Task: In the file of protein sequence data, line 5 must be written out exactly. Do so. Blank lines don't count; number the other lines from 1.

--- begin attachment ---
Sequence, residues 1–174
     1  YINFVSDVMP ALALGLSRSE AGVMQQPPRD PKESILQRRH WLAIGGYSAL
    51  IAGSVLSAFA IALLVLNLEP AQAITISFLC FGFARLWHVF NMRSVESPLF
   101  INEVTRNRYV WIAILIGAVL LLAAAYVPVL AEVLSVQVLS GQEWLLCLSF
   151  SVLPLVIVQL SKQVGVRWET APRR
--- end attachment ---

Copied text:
   151  SVLPLVIVQL SKQVGVRWET APRR